Bay fishing ban blow
PUBLISHED: 16:07 08 July 2008 | UPDATED: 09:15 10 June 2010
GOVERNMENT bosses have permanently closed a large part of Lyme Bay and banned scallop fishing in the area, leaving local fishermen fretful over their livelihoods. The Department for Environment, Food and Rural Affairs (DEFRA) has announced that scallop dr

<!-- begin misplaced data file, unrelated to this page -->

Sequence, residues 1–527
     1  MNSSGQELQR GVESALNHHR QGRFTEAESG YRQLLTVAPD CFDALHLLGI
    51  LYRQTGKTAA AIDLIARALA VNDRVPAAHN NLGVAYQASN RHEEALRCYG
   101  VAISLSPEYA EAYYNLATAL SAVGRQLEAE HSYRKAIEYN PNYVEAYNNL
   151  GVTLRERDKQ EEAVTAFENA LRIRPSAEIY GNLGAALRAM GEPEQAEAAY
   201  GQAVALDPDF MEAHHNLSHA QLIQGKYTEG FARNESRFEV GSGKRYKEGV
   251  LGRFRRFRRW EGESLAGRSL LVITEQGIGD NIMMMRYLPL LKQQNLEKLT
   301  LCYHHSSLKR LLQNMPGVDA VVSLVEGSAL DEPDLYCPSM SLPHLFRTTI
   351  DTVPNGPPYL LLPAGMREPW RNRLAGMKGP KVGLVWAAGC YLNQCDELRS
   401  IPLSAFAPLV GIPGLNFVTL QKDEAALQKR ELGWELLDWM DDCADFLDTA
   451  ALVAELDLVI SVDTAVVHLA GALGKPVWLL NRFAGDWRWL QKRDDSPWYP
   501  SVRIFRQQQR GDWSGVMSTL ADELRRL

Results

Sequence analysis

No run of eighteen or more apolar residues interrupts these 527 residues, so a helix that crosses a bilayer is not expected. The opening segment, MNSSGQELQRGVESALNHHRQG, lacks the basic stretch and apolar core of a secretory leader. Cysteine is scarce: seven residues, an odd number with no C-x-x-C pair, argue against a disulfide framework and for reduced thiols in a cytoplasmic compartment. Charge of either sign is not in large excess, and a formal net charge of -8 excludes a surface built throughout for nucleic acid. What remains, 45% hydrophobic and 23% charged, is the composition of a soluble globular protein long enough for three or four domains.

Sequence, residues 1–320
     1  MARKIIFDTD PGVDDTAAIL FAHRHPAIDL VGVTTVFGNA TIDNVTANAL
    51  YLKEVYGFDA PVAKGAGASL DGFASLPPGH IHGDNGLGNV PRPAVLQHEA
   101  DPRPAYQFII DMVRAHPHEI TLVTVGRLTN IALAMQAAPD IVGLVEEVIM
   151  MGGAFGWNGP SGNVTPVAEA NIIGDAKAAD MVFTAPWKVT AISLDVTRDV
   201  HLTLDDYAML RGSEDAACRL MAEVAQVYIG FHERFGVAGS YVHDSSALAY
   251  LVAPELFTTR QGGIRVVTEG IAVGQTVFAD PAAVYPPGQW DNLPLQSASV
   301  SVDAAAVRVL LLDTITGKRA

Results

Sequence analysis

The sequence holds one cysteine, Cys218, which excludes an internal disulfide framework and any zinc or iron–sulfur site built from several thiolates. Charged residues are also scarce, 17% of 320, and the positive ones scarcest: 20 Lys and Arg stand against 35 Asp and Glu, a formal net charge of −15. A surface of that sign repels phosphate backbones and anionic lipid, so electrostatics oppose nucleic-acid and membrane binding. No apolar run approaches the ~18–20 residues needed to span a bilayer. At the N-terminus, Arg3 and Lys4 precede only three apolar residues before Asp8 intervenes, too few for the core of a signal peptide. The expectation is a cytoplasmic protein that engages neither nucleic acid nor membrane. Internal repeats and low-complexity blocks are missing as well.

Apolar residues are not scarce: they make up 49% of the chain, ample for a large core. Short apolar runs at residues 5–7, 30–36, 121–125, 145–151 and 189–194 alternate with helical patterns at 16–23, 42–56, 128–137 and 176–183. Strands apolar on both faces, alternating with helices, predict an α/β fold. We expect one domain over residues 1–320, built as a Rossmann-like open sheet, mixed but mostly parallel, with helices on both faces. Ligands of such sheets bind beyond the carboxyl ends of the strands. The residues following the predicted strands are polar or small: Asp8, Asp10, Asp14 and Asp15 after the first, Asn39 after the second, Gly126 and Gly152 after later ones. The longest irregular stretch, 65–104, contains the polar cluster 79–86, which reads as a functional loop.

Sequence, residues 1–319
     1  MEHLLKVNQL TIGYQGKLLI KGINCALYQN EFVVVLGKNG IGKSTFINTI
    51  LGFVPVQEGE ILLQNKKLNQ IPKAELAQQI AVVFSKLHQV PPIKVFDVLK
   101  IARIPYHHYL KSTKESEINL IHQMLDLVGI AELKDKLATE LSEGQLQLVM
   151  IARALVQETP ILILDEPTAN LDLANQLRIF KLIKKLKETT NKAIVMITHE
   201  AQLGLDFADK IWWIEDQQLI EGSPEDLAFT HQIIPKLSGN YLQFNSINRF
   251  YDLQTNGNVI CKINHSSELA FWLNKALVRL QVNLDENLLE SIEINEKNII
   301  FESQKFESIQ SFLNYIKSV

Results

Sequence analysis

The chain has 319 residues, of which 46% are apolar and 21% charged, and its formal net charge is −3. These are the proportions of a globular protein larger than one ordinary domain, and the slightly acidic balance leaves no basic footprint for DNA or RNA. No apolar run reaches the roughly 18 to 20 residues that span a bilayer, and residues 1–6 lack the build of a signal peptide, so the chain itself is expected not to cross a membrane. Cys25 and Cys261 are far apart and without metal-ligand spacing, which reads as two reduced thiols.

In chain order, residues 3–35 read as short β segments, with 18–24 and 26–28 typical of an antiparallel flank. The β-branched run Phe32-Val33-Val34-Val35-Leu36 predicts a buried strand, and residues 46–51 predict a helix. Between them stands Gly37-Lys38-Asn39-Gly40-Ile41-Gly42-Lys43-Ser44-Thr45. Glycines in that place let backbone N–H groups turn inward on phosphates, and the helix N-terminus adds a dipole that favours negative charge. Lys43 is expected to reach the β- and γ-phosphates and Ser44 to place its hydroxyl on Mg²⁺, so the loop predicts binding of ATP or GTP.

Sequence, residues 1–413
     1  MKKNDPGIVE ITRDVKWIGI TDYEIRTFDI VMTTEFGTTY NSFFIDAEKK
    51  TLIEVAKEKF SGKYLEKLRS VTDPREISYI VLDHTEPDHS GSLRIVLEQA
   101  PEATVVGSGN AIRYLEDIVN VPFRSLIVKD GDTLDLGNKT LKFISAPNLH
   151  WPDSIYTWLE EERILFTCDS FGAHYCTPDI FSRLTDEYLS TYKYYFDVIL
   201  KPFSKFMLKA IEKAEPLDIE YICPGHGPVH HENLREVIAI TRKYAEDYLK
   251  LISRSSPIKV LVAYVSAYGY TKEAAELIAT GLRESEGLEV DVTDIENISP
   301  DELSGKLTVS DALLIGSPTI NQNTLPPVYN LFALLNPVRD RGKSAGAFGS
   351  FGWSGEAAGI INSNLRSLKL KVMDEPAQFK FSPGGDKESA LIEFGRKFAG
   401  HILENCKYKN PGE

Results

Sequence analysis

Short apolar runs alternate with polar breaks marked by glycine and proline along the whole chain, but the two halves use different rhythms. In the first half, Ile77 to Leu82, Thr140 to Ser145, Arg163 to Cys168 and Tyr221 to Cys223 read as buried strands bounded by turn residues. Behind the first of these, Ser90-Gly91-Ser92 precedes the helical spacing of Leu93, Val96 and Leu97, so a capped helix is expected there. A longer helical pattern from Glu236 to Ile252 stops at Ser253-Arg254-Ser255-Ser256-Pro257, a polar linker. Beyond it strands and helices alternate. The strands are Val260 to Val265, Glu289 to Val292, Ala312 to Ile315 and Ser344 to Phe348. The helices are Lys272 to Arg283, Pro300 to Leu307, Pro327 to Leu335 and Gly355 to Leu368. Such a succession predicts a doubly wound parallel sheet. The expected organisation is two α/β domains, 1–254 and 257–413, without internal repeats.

GOVERNMENT bosses have permanently closed a large part of Lyme Bay and banned scallop fishing in the area, leaving local fishermen fretful over their livelihoods.The Department for Environment, Food and Rural Affairs (DEFRA) has announced that scallop dredgers and bottom trawlers, which drag nets along the seabed, would be banned from West Bay to Beer Head from this month.The move has led to an outcry by fishermen.Harry Green, an Exmouth fisherman who owns the Beccy G, said: "It means we have to go further afield and it is going to be dangerous fishing in North Wales."It is going to be affecting everyone - engineers, refits, painters, computer people, everyone."Gerald Statham, an Exmouth fisherman and owner of Winters Tale, said: "We are just trying to live."We will now have to be away from home for weeks or we can't pay our mortgage."Fishing using nets nearer the surface will still be allowed, as will diving for scallops, scuba diving and sea angling, however this would mean converting their boats to other uses, which is very expensive.Environment Secretary Hilary Benn said: "Lyme Bay is one of Britain's richest marine environments, and the measures we have announced will protect the reefs and the wildlife that depend on them from the most damaging fishing methods. The Exmouth fishermen, who will now have to go travel to Wales, away from home for weeks at a time, have questioned the validity of this move by the government believing the sea bed is not at risk.Professor Michel Kaiser, of the University of Wales-Bangor and Chair of Defra's Marine Stakeholder Forum explained that two years ago DEFRA and the fishermen were working together to restrict fishing to protect sea fans in the area but, because of the expansion of the conservation area to include pink sea fans, sunset cup corals, and several rare sponges the ban was 'inevitable'.The marine expert said: "It is inevitable but it is a little disappointing to see that the fishing industry was allowed to build false expectations."This type of bottom trawling is not compatible with the protection of the sea bed - it is a threat to marine life."The long term impact of the ban on local industries dependant on fishermen and restaurants, which may see a shortage of scallops, is still unclear.